Monroe County Courthouse Murals

It was the Gilded Age in 1907 when the Monroe County Courthouse rose stone by stone before the admiring eyes of local citizens. The courthouse reflected the monumental Beaux-Arts classical architecture popularized by the 1893 Chicago World’s Fair. From there, the architectural style made its appearance across the country. 

Architects Marshall and Guy Mahurin built the Monroe County Courthouse using the classical architectural theme throughout, from the Indiana limestone exterior and copper-covered dome to the colorful murals, massive columns, and interior leaded glass. While Gustav A. Brand, German Artist, was contracted to decorate the interior and paint the dome murals. The building was dedicated on July 4, 1908.

Following a remodeling project in 1962, additional floors were placed across the rotunda, which created a courtroom under the dome and its murals. Few people saw the dome’s interior for over twenty years unless they had reason to be in Superior Court. Fatefully, upon moving to Bloomington, Gayle Cook, co-founder of Cook Medical, a global medical device manufacturing company, and CFC Properties, a real estate development and property management company, served on Jury Duty in 1963. She once recalled while sitting in the courtroom gazing at the dome, not in good condition, wondering what it could look like.  

The Indiana Department of Natural Resources and the U.S. Department of the Interior placed the Monroe County Courthouse on the National Register of Historic Places in 1978.

By 1983, 150 people, including Gayle, joined the Save Our Courthouse Committee to form a solution to prevent the courthouse from being torn down. Ultimately, discussions led to an additional renovation that reopened the view of the dome. Gayle and other committee members helped remove the murals from the dome. They were placed into storage within the Judge’s chambers while the county considered ways to fund the preservation repairs and installation. The courthouse was rededicated on October 28, 1984, without the murals.

The four 8 x 16-foot murals were believed to be misplaced at one point. Ironically, Bill and Gayle Cook purchased the Brown School from the Monroe County Community School Corporation on August 31, 1984, to serve as the new home for the Star of Indiana Drum and Bugle Corps. During a site visit in 1992, Gayle discovered the murals in the gymnasium. Being Gayle was part of the committee that helped remove the murals, the insignia on the rolled-up spools were instantly recognizable.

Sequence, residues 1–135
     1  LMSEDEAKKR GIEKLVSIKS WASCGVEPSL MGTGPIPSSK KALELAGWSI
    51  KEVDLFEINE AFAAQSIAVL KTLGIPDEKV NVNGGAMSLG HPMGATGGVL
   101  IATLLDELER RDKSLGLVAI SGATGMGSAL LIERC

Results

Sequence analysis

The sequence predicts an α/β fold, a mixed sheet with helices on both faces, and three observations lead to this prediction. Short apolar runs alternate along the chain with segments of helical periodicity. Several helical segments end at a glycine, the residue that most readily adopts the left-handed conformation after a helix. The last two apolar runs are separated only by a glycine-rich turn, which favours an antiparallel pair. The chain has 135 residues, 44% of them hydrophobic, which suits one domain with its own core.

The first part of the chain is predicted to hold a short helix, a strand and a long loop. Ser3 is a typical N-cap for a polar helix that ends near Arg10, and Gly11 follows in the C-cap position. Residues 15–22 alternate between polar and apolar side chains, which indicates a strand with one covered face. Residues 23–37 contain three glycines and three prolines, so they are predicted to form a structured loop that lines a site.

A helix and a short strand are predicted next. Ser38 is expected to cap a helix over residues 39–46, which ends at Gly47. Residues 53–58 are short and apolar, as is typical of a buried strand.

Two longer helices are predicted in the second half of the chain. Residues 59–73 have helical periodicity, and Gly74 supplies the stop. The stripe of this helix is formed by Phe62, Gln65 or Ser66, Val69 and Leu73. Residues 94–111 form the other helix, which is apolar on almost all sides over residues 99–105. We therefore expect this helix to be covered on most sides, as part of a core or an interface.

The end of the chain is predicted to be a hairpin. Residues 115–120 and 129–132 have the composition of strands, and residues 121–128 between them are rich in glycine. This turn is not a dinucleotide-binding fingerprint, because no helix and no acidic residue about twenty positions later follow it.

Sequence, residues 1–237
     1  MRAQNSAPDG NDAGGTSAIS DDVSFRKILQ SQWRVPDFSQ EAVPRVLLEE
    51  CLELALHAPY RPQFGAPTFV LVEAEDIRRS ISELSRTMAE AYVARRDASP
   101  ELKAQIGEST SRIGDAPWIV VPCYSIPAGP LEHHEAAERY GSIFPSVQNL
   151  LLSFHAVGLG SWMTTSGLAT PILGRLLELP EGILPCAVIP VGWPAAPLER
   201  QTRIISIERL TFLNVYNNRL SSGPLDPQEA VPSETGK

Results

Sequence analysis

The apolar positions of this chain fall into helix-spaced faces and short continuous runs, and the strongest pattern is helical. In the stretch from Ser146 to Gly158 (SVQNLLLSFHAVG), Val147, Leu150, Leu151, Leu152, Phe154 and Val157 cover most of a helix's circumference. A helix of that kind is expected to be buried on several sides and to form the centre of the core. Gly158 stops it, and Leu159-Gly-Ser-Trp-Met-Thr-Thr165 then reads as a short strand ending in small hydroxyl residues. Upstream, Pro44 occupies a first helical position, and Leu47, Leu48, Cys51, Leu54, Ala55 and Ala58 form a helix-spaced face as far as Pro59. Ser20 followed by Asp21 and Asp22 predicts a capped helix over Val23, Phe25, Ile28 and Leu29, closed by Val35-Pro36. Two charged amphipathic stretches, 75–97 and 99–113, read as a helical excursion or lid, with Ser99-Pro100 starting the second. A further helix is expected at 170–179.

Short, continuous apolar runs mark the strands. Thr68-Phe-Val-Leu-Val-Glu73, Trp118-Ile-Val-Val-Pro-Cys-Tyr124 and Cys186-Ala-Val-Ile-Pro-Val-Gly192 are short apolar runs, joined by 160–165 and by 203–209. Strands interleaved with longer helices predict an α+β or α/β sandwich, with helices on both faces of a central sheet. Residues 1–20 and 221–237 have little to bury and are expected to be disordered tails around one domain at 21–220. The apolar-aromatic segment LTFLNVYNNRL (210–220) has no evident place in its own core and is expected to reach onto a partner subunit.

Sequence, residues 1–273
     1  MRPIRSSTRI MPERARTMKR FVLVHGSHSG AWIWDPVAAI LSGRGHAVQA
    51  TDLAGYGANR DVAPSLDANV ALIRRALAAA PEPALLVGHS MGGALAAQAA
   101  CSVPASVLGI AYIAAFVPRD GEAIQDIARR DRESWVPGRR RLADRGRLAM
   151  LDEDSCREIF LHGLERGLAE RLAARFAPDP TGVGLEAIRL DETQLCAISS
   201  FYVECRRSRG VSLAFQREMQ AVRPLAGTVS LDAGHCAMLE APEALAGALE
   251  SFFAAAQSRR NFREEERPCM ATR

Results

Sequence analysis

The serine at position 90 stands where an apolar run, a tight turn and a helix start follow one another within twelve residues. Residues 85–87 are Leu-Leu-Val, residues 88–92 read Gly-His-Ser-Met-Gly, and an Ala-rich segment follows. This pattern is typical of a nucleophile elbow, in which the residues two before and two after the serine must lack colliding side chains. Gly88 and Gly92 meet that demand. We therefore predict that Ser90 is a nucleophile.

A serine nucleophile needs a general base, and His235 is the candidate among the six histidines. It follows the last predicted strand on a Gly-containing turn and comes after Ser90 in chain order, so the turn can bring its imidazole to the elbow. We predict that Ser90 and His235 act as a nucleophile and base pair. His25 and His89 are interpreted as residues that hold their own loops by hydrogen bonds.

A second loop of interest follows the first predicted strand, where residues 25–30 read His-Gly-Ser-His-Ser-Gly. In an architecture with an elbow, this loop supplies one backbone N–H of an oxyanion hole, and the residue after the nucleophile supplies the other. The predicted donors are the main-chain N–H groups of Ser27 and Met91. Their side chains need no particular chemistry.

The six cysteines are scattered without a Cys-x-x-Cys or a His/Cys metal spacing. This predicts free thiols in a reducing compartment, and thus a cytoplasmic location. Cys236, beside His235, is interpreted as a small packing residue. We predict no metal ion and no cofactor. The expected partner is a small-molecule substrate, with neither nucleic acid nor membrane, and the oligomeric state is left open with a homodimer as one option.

Gayle shared…

“Somehow, they had been stored at the unused Brown School… Advisories on the huge canvases to store them at archival humidity and temperature had not exactly been followed.”

The oil-painted canvases were in very poor condition, with water damage and soil accumulation. Each mural had estimates of six inches of paint missing around the edges, and in some areas, the image, including the canvas, was completely gone. Gayle contacted Conrad Schmitt Studios in New Berlin, Wisconsin, who specialize in artistic preservation, and contracted their help. 

Months of painstaking labor went into restoring Gustav’s original murals. In addition to the large murals, the artistic preservationist restored four smaller rectangular murals in the dome using scaffolding. The smaller murals have never been removed.

The large murals depict four themes using classical imagery appropriate to the building’s architecture, its use, and the character of Monroe County.

STONE INDUSTRY (east side): The limestone theme acknowledges the county’s leading industry in the early twentieth century. The elder in the center personifies the Stone Age, while additional figures and tools portray the progress of stone working from a rough block to a classic column. A quarry is also depicted in the background. 

AGRICULTURE (south side): Agriculture illustrates farming being a major occupation in the county during 1908. The figure on the left is placing harvested grain in a storage pot, while others display a cornucopia, a hand plow, and a scythe.

JUSTICE (west side): The goddess of justice in the center holds the sword of righteousness and the wreath of peace and glory. Holding a lyre, the female on the far left presents the balance of peace and harmony. While the other female holds the mirror of truth. On the far right, a male figure lurks, suggesting the threat of malice and treachery, while the military figure next to him signifies defense against such peril. 

EDUCATION (north side): The figures, with their scholarly and scientific equipment, symbolize knowledge and the presence of Indiana University. Subjects represented include books, writing, a globe, a surveyor’s transit, ancient history, and teaching. The artist’s signature, G.A. Brand, appears in the lower right corner of the mural.

The $70,000 project took nearly a year to complete. The murals were protected using the latest and best-known preservation technology. In November 1993, the large murals, including a special barrier, were reinstalled in the dome to prevent mildew and moisture damage. Restoration documentation aids proper care and preservation efforts for decades to come.